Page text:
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5 Ways That You - and Your Kids - Can Help Out Homeless People Now



WellSpring Family Services has a program showing kids how they can help out by donating the profits from their lemonade stand sales.

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At some point in our lives, we all face challenges.  If we are lucky, we have a network of families and friends to support to help us through the tough times. By donating your time, dollars or needed items to the non-profit agencies working with families struggling with homelessness, you can be part of the community-wide network that provides the essential support needed by these families to overcome adversity and create a home where their children can thrive.  Here are five ways your family can help out now:

1. Kids Fundraise for Kids at Wellspring

Wellspring Family Services offers a program that helps kids can do something themselves for kids in need.  To learn about their “Kids Helping Kids” program go to   this Seattle’s Child article: "Kids Helping Kids: How Your Kids Can Fundraise to Help Out Kids Experiencing Homelessness" Wellspring Family Services is a multi-service agency serving low-income and vulnerable individuals, children and families in Seattle and King County through services for families that focus on mental health, family homelessness, early learning, basic needs, and domestic violence intervention. 

 

2. Provide Food for a Youth Shelter

Do you and your kids like to bake or cook? Or, even just shop? Every day Redmond Youth Service Center provides wholesome, pre-cooked breakfasts, lunches, snacks and dinners for the youths in their programs. In addition, “snack packs” are distributed by their Street Outreach Team when they are connecting to youth on the street. (An example of a snack pack is Ziploc bag with a cup of instant noodles, plus up to three of the following items: chips/pretzels, juice, nuts/trail mix, granola bars/power bars, or fruit leather).  They are looking for people willing to prepare and bring to the shelter pre-cooked dinners, as well as simple, nutritious breakfast and lunches and the foods needed for "snack packs".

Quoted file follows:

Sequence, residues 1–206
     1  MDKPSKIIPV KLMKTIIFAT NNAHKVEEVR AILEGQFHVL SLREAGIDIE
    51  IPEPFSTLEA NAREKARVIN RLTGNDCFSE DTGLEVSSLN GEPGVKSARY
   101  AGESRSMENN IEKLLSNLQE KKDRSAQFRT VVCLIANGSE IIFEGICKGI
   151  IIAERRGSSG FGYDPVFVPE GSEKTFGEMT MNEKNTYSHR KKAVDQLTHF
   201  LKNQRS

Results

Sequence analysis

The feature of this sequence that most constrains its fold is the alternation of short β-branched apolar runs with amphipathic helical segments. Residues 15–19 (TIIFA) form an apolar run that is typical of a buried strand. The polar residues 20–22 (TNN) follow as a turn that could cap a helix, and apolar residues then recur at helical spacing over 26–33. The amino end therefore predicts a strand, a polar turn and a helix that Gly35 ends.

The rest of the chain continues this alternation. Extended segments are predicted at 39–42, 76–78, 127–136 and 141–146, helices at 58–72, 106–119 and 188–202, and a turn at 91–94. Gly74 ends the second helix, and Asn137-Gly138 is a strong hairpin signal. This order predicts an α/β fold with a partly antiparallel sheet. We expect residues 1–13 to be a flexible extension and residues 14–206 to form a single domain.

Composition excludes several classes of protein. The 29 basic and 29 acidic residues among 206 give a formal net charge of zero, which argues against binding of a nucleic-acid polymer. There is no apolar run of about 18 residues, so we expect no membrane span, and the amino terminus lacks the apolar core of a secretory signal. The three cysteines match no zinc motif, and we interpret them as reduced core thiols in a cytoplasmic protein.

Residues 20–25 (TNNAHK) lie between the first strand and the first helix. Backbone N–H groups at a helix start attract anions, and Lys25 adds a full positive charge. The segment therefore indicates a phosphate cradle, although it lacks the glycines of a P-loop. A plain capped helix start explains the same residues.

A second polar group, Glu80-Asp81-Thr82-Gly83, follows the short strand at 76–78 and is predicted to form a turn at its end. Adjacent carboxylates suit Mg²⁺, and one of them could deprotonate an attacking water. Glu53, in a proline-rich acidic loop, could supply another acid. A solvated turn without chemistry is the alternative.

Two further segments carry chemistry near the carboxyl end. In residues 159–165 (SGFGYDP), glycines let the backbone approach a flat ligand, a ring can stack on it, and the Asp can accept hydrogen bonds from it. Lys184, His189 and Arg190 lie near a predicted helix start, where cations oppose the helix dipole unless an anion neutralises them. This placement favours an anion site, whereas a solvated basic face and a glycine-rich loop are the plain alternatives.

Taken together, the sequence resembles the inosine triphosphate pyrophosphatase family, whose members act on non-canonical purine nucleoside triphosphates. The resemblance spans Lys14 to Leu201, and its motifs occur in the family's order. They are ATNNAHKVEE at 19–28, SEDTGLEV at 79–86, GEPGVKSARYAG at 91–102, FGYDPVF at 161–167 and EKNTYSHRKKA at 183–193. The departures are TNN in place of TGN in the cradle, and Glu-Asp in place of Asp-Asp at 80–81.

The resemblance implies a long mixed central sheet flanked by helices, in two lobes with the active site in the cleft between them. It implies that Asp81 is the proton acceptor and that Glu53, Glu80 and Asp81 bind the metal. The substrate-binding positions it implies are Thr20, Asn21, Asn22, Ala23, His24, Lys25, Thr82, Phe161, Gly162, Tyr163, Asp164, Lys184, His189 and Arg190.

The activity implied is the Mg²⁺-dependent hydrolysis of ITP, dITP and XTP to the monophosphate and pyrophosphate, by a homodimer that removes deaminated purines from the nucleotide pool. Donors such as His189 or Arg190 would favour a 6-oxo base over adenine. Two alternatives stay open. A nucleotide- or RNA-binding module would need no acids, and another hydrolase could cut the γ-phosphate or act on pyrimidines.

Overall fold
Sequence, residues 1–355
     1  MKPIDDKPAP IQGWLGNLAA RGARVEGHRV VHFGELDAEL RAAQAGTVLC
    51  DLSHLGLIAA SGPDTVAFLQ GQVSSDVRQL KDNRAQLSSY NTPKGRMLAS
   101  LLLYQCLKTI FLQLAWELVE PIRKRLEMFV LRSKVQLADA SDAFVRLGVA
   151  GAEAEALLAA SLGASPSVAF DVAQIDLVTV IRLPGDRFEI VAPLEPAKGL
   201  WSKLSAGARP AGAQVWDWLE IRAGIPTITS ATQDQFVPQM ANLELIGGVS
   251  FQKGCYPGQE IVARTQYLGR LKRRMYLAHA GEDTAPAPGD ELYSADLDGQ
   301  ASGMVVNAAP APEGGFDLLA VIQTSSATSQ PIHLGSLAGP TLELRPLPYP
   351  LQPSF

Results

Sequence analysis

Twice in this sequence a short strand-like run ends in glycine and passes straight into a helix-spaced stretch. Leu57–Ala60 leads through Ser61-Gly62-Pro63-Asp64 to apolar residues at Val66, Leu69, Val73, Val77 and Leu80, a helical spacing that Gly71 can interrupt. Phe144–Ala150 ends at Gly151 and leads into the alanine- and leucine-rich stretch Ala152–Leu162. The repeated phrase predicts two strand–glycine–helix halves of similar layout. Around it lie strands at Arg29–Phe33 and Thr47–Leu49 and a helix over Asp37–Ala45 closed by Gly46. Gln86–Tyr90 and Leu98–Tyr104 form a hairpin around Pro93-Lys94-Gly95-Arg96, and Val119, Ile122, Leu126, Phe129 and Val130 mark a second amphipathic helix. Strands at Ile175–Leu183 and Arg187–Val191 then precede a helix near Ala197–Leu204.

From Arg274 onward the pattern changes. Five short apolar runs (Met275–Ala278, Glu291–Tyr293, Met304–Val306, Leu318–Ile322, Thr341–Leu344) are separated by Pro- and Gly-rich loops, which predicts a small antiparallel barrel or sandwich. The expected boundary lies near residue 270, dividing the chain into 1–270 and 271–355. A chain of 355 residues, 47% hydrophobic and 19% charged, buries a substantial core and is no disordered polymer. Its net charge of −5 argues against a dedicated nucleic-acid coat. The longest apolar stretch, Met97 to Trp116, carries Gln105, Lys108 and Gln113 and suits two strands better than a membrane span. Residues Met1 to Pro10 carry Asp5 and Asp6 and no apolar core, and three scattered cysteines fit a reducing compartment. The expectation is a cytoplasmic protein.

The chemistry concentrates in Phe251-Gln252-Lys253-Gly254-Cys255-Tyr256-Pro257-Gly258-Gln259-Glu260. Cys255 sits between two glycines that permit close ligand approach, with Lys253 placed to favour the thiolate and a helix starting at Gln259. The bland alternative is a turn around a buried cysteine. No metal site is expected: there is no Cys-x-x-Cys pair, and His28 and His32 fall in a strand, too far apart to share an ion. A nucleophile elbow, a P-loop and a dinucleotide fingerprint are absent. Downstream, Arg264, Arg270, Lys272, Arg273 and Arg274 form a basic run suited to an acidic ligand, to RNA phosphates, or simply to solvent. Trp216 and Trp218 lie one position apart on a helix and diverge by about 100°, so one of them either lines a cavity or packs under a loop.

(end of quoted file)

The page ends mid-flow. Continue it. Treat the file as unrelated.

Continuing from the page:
3. Kid Volunteers Needed at WestSide Baby

WestSide Baby has several opportunities for kids who want to help them fulfill their message to provide families in need with free diapers, clothing, cribs and safety gear for babies and children. 

All Ages: Organize a drive to collect items for kids, including diapers, diaper wipes. pajamas and coats.

Ages 8 - 13: Volunteer at the distribution center sorting donations, creating clothing bags, packaging  diapers. 

working with an adult:

Ages 14 - 17: Volunteer at WestSide Baby fundraising events. 

 If interested, contact Shana Allen, Volunteer Manager, 206-686-6659, shana@westsidebaby.org.

 

4. Towels and Furniture Donations Needed for Women's and Children's Shelters 

The YWCA supports women and children in our community by providing emergency shelters, domestic violence shelters, homeless shelters, and transitional housing. They have over 800 housing units  and they are  currently in desperate need of towels. Please drop off any towel donations at the YWCA’s Central Seattle Food Bank at 2820 East Cherry Ave, Seattle 98122. Food Bank hours are 9 am - 5 pm, Monday - Friday. 

In addition, the YWCA is seeking any type of new or useable previously owned furniture to help furnish their emergency shelters and domestic violence units. When a family arrives at their shelters they have  little more than the clothes on their backs. They will pick up furniture to be donated but must first meet specific guidelines to be donated. For more information contact the Sharehouse at 206-767-5280.

 

5. Crib Checkers Needed! 

WestSide Baby needs more people to join their team of  Crib Checkers! This specially trained position is essential to ensure that all donated cribs have the necessary parts, hardware and appropriate instruction manuals, making them safe for distribution to families served by WestSide Baby. If interested (and handy with tools) contact  Shana Allen, Volunteer Manager, (206)686-6659, shana@westsidebaby.org.

 

Looking for ideas on how to talk to your children about homelessness? Check out:

"People not Problems: Talking to Your Kids about Homelessness"

 

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